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  1. Curb space is one of the busiest areas in urban road networks. Especially in recent years, the rapid increase of ride-hailing trips and commercial deliveries has induced massive pick-ups/drop-offs (PUDOs), which occupy the limited curb space that was designed and built decades ago. These PUDOs could jam curbside utilization and disturb the mainline traffic flow, evidently leading to significant negative societal externalities. However, there is a lack of an analytical framework that rigorously quantifies and mitigates the congestion effect of PUDOs in the system view, particularly with little data support and involvement of confounding effects. To bridge this research gap, this paper develops a rigorous causal inference approach to estimate the congestion effect of PUDOs on general regional networks. A causal graph is set to represent the spatiotemporal relationship between PUDOs and traffic speed, and a double and separated machine learning (DSML) method is proposed to quantify how PUDOs affect traffic congestion. Additionally, a rerouting formulation is developed and solved to encourage passenger walking and traffic flow rerouting to achieve system optimization. Numerical experiments are conducted using real-world data in the Manhattan area. On average, 100 additional units of PUDOs in a region could reduce the traffic speed by 3.70 and 4.54 miles/hour (mph) on weekdays and weekends, respectively. Rerouting trips with PUDOs on curb space could respectively reduce the system-wide total travel time (TTT) by 2.44% and 2.12% in Midtown and Central Park on weekdays. A sensitivity analysis is also conducted to demonstrate the effectiveness and robustness of the proposed framework.

    Funding: The work described in this paper was supported by the National Natural Science Foundation of China [Grant 52102385], grants from the Research Grants Council of the Hong Kong Special Administrative Region, China [Grants PolyU/25209221 and PolyU/15206322], a grant from the Otto Poon Charitable Foundation Smart Cities Research Institute (SCRI) at the Hong Kong Polytechnic University [Grant P0043552], and a grant from Hong Kong Polytechnic University [Grant P0033933]. S. Qian was supported by a National Science Foundation Grant [Grant CMMI-1931827].

    Supplemental Material: The e-companion is available at .

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    Free, publicly-accessible full text available December 27, 2024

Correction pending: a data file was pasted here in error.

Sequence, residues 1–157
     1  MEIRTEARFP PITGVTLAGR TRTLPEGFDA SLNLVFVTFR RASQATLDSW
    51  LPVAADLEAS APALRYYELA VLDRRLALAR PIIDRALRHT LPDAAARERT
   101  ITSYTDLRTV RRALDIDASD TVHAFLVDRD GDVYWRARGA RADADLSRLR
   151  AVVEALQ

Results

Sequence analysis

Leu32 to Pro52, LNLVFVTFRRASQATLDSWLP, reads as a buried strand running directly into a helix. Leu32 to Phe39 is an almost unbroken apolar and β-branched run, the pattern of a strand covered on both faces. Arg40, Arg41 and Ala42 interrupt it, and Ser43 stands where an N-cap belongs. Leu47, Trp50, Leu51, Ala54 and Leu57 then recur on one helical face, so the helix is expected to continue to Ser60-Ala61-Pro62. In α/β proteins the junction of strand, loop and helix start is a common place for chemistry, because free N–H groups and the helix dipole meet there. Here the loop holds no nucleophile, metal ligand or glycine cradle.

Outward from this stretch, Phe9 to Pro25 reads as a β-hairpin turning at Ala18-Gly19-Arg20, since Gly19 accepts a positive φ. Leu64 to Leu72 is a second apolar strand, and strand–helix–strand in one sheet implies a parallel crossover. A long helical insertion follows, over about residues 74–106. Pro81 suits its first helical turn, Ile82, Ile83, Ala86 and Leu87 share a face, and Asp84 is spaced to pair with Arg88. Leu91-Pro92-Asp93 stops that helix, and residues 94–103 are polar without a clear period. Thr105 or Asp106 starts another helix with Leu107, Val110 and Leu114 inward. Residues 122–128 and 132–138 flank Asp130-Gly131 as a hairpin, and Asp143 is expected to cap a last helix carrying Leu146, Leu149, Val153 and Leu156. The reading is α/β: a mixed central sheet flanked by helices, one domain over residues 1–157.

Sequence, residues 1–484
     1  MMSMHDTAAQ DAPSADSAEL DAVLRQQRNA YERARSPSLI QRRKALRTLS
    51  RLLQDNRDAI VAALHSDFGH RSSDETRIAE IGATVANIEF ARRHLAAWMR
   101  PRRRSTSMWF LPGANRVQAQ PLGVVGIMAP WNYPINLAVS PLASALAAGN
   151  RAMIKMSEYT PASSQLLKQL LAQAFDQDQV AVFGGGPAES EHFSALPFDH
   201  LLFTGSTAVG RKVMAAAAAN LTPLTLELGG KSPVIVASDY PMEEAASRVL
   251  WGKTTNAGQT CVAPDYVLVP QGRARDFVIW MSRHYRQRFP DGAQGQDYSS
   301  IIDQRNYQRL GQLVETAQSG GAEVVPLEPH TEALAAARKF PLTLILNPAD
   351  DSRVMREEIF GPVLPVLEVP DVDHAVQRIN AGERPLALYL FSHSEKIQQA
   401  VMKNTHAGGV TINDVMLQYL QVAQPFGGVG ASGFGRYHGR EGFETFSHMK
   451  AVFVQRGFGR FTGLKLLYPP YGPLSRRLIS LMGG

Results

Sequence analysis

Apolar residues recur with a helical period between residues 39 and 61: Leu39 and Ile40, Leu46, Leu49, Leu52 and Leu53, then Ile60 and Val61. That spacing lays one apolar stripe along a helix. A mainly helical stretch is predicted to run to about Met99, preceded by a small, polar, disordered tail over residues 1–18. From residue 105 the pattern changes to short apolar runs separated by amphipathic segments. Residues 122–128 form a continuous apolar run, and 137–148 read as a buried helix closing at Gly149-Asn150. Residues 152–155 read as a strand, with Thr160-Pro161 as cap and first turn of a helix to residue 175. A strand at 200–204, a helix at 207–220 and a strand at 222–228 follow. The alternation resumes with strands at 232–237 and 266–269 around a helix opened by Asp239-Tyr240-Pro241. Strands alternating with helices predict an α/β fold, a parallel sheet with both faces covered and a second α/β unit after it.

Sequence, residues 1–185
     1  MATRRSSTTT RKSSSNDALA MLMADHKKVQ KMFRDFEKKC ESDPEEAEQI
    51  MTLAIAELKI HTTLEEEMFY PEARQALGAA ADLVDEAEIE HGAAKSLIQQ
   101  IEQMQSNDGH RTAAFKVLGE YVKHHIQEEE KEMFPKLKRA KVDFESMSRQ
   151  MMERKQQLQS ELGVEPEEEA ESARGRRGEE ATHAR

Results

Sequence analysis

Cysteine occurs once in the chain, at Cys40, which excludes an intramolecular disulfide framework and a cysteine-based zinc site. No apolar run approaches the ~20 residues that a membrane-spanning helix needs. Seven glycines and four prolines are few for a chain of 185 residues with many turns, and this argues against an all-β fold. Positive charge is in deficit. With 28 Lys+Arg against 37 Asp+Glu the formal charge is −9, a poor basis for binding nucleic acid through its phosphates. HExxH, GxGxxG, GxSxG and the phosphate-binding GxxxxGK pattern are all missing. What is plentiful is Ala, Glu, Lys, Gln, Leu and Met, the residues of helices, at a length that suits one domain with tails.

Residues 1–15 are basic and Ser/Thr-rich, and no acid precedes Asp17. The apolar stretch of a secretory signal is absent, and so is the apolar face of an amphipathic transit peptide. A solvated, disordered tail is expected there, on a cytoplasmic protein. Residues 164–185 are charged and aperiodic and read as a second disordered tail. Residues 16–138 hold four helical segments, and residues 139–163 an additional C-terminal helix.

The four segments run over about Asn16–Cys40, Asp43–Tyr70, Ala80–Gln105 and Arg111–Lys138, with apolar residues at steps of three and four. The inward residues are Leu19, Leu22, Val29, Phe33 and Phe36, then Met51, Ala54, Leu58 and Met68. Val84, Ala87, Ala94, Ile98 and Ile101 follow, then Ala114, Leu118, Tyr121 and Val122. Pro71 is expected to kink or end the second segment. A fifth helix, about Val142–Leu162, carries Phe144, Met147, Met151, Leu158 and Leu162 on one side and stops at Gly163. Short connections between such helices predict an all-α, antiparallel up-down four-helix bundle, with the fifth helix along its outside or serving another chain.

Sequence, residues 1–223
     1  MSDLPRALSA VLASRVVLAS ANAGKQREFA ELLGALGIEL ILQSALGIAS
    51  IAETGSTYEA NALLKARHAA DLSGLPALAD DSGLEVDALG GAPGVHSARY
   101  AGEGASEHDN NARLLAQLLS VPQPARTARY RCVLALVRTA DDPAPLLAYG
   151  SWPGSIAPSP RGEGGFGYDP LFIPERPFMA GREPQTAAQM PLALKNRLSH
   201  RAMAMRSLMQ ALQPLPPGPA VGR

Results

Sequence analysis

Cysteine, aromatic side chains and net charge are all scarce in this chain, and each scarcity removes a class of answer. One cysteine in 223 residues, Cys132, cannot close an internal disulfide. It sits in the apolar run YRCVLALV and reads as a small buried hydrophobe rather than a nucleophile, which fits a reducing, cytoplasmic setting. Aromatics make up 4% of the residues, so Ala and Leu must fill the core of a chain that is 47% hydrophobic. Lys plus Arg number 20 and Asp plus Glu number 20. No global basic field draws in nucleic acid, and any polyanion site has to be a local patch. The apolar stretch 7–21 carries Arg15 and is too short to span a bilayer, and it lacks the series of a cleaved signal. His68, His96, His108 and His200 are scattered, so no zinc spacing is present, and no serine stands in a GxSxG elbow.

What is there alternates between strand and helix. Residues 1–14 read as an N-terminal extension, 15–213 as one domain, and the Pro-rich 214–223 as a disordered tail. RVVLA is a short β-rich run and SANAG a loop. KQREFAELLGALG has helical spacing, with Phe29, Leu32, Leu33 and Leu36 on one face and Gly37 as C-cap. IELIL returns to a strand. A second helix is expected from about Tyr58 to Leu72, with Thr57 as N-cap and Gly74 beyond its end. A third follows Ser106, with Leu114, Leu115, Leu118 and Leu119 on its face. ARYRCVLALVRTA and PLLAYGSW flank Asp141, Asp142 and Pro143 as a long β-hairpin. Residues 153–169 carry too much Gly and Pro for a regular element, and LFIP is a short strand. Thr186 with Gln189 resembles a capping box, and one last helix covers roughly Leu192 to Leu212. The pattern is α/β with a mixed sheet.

2. Free, publicly-accessible full text available October 1, 2024
  3. Connected technologies have engendered a paradigm shift in mobility systems by enabling digital platforms to coordinate large sets of vehicles in real time. Recent research has investigated how a small number of connected vehicles may be coordinated to reduce total system cost. However, platforms may coordinate vehicles to optimize a fleet-wide objective which is neither user nor system optimal. We study the behavior of optimized fleets in mixed traffic and find that, at small penetrations, fleets may worsen system cost relative to user equilibrium, and provide a concrete example of this paradox. Past a critical penetration level, however, optimized fleets reduce system cost in the network, up to achieving system optimal traffic flow, without need for an external subsidy. We introduce two novel notions of fleet-optimal mixed equilibria: critical fleet size for user equilibrium (CFS-UE) and critical fleet size for system optimum (CFS-SO). We demonstrate on the Sioux Falls and Pittsburgh networks that 33% and 83% of vehicles, respectively, must participate in the fleet to achieve system optimum. In Pittsburgh, we find that, although fleets permeate the network, they accumulate on highways and major arterials; the majority of origin-destination pairs are either occupied exclusively by users or by the fleet. Critical fleet size offers regulators greater insight into where fleet and system interests align, transportation planners a novel metric to evaluate road improvements, and fleet coordinators a better understanding of their efforts to optimize their fleet.

    History: This paper has been accepted for the Transportation Science Special Issue on Emerging Topics in Transportation Science and Logistics.

    Funding: This work was supported by the U.S. Department of Transportation [Mobility21] and the National Science Foundation [CMMI-1931827].

    Supplemental Material: The online appendices are available at .

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    Free, publicly-accessible full text available July 1, 2024